The Digital Age and the transition from “atoms” to “bits” implies a capital-light economy in which technology is being substituted for labor and physical assets. Its impact is widespread and stretches beyond the technology sector. In the third part of our technology focused series we explore:

  • The evolution of technology and why it is so noticeable today
  • The key differentiator between the first and second machine ages
  • Technology’s impact on microeconomic factors such as demand and marginal revenue
  • Why the digital age entails a radical reevaluation of macroeconomics
  • Implications for investors
Read More »

2017

December 15, 2017 The Winds of Change

While regulators and many investors are focused on leverage, we are more concerned with liquidity risk, which was at the core of the 2007-2009 crisis and will likely be again at the next one. As central banks move toward “quantitative tightening,” higher interest rates and waning liquidity are the most significant global macro risks, especially given that many assets are trading toward the high end of their historical ranges.

Read More »
December 7, 2017 What Do We Mean When We Talk About Value?

It has long been common practice in the investment world to divide the market up into “value stocks” and “growth stocks.” What do these labels really mean? “Value” connotes that the stocks in this category are undervalued, and should therefore outperform over time, while “growth” implies that these are stocks with faster earnings growth.

Read More »
August 10, 2017 Tech is the New Macro – Part II: Implications for Labor Markets and Productivity

The rapid expansion and implementation of technological innovation has become a key factor in the behavior of the economy and capital markets. In this paper, Investment Strategist Kevin Hebner and Co-CIOs Bill Priest and David Pearl explore how tech has become the new macro, including a look at how:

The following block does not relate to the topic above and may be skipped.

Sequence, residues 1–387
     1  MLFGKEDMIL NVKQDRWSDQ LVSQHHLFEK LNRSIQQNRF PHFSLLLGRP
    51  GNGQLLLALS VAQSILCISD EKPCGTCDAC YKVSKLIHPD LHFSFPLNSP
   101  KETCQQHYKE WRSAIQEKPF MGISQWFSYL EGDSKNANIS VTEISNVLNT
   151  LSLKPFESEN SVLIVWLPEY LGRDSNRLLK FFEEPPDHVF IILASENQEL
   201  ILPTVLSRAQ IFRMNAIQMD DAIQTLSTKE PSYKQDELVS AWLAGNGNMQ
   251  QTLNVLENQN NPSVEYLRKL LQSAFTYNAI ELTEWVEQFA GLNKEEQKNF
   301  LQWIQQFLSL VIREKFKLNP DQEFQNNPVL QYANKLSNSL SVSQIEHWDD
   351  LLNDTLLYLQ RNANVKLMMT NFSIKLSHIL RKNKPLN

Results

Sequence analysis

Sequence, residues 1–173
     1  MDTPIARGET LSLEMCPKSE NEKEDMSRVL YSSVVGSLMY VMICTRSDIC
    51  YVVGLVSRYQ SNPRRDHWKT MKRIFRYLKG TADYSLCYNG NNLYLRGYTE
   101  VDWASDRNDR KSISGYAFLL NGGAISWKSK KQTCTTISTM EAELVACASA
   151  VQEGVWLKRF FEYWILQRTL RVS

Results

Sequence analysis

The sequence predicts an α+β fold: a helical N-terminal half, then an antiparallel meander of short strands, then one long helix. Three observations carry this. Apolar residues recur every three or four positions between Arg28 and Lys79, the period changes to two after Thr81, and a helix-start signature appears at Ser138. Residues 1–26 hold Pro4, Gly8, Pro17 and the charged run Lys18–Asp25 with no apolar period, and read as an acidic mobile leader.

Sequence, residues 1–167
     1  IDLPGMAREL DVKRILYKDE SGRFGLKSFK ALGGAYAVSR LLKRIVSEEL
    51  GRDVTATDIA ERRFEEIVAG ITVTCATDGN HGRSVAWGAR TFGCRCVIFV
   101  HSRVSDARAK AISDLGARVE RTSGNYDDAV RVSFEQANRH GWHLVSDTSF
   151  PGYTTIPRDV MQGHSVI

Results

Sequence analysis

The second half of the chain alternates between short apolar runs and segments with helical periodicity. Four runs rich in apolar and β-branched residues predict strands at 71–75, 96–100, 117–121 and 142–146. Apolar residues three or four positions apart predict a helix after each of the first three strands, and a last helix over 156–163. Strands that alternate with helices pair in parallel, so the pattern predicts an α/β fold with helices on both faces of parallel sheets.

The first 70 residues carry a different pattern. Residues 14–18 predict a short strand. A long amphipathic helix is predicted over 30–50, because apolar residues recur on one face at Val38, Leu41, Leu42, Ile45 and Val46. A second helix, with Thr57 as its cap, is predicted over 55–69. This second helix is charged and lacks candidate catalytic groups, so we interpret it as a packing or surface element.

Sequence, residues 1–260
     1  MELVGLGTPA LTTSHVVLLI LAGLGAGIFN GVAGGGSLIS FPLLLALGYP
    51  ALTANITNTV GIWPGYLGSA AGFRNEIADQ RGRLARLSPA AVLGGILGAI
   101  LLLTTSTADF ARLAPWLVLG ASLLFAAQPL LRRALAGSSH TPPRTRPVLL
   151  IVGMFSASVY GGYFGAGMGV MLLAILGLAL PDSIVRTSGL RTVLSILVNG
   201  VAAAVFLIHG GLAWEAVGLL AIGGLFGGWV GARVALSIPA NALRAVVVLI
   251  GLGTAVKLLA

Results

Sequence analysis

• Tech is positive for all three return on equity (ROE) components
  • Profit margins have soared over the last two decades
  • Asset utilization improves with technology
  • Tech impacts leverage and payout ratios
  • Platforms and their network effects have resulted in a winner-takes-all market
  • Disruptive innovation will affect all economic sectors
Read More »
June 29, 2017 Tech is the New Macro – Part I: Impacting All Three Components of Return on Equity

The rapid expansion and implementation of technological innovation has become a key factor in the behavior of the economy and capital markets. In this paper, Investment Strategist Kevin Hebner and Co-CIOs Bill Priest and David Pearl explore how tech has become the new macro.

Read More »
May 16, 2017 The Impact of Passive Investing on Market Efficiency

Passive ETFs have influenced the informational efficiency of the stock market: trading costs have risen, stocks are more correlated with each other than they used to be, and valuation is now partly affected by whether a stock is in a widely traded index or not. Read this paper to learn more about the impact that passive investing has had on market efficiency and what active managers must do to in such an environment.

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2016

October 6, 2016 Free Cash Flow Works